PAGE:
Sierra Burgess Is A Loser , Netflix’s latest teen flick, is both very lucky and very unlucky that it came out when it did. This is a movie that will live and die by what it’s compared to.
The central idea of Sierra Burgess is that awkward teen girls who are larger than a size two are worthy of love, and in that sense, the movie is very fortunate indeed that it finds itself coming out just weeks after Insatiable tried and dramatically failed to tell the same story. Comparisons between Sierra Burgess and Insatiable are inevitable, and Sierra’s mopey sincerity has a clear advantage when viewed next to Insatiable’s easy, glib cynicism.
But Sierra Burgess also has the deep misfortune of sharing its distributor (Netflix), its genre (trope-driven teen romance), and its romantic lead (Noah Centineo) with the surprise hit of the summer To All the Boys I’ve Loved Before. And next to the sparkle and tenderness of To All the Boys, poor Sierra is a cold and clumsy mess.
Viewed on its own, without comparisons: Sierra Burgess is a paint-by-numbers teen movie whose admirable sincerity fails to make up for the clumsiness of its craftsmanship, and whose compelling teen girl friendship is marred by the creepiness of its love story. It’s a “watch it from your couch on a rainy Sunday when you have nothing better to do because hey, it’s already on Netflix, so the barrier to entry here is pretty low” kind of a movie. It is mostly, more or less, okay.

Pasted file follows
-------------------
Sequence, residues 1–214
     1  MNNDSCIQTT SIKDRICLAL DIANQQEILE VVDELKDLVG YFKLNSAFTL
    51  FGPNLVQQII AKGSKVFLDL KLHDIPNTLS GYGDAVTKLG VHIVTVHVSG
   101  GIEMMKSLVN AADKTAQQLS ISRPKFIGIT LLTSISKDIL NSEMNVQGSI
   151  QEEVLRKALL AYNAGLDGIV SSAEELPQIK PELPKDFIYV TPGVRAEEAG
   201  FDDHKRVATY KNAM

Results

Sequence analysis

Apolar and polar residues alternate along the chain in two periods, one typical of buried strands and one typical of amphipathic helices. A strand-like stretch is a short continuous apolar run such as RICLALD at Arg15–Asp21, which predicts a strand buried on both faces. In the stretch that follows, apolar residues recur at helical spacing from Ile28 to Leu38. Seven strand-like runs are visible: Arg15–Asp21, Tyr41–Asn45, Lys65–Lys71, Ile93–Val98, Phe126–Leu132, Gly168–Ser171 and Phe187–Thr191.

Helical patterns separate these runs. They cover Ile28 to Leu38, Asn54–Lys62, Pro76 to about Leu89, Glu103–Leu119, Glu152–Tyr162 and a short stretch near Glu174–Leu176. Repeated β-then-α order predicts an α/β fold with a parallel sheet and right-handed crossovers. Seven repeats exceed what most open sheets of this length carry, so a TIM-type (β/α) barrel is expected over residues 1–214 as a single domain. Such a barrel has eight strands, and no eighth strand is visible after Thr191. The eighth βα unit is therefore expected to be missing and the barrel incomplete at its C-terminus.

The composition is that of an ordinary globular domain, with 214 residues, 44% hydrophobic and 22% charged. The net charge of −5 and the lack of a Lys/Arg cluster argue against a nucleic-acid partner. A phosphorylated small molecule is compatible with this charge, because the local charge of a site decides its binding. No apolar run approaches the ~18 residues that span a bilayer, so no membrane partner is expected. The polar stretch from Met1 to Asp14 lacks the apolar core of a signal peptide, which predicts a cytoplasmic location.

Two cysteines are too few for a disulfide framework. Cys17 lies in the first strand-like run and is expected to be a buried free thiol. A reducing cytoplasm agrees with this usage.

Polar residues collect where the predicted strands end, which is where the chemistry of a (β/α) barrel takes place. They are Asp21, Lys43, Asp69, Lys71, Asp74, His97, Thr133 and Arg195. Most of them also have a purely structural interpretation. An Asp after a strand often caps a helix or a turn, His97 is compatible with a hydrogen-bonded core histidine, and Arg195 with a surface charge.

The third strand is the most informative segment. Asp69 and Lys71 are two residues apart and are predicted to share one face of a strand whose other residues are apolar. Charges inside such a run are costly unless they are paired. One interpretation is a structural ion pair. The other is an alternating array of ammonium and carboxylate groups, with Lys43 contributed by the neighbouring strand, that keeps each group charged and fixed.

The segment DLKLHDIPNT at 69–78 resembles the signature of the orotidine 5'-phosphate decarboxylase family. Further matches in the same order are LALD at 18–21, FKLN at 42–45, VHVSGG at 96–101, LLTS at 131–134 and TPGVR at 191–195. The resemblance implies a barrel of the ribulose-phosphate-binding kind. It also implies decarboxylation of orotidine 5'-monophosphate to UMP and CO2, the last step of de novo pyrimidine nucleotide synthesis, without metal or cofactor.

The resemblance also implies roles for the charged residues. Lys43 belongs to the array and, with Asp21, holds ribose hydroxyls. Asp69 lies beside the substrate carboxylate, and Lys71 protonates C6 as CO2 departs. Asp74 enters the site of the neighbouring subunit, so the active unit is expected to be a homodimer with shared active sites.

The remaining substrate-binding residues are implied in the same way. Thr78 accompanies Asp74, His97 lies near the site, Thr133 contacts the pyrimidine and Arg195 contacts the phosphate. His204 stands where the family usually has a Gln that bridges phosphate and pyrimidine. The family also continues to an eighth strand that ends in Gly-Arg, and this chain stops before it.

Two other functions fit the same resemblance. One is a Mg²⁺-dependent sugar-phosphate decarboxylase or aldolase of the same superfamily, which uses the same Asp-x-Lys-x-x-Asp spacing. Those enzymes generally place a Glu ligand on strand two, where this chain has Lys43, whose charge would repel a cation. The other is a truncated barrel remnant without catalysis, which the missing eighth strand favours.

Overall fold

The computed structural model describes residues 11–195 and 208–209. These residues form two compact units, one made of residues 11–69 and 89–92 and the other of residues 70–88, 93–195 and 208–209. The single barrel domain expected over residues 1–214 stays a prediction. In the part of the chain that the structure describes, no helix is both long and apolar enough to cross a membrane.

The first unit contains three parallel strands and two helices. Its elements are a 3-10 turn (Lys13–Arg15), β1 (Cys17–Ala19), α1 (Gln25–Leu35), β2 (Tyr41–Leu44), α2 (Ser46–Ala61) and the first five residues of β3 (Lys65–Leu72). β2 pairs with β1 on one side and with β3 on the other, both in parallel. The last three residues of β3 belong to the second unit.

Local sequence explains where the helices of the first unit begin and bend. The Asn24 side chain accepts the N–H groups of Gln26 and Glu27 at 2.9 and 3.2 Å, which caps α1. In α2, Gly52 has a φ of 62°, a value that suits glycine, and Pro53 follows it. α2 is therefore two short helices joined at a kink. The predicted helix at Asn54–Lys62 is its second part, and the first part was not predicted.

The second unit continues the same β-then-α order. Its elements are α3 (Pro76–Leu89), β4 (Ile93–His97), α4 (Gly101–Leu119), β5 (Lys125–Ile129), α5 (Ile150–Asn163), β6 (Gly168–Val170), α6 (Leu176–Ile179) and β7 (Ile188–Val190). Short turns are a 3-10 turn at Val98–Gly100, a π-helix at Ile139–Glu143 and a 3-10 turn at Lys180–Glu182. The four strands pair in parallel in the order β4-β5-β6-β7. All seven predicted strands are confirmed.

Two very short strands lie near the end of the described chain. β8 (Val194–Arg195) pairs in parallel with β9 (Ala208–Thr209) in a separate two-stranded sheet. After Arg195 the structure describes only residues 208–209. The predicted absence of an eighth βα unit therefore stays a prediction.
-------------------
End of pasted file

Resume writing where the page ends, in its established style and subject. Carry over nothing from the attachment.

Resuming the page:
Had Sierra been played by anyone other than Shannon Purser, it would have been a total fail. The fact that Purser has some serious onscreen charm is the real reason we feel for Sierra, or at least why we want to. And of course, Centineo is perfectly cast as the cute boy with the heart of gold. Watching Purser and Centineo together, you not only root for them to get to finally share that swoon-inducing kiss, but you also really, really like them both off-screen, too.
OK, so Sierra Burgess Is a Loser isn’t perfect. But, let’s face it, most rom-coms typically aren’t.
OK, so Sierra Burgess Is a Loser isn’t perfect. But, let’s face it, most rom-coms typically aren’t. And while catfishing is definitely not the way to anyone’s heart, the film’s *chef’s kiss*-level acting talent and the deeper message of seeing someone for who they are, not just as they appear, will give you something to cheer for.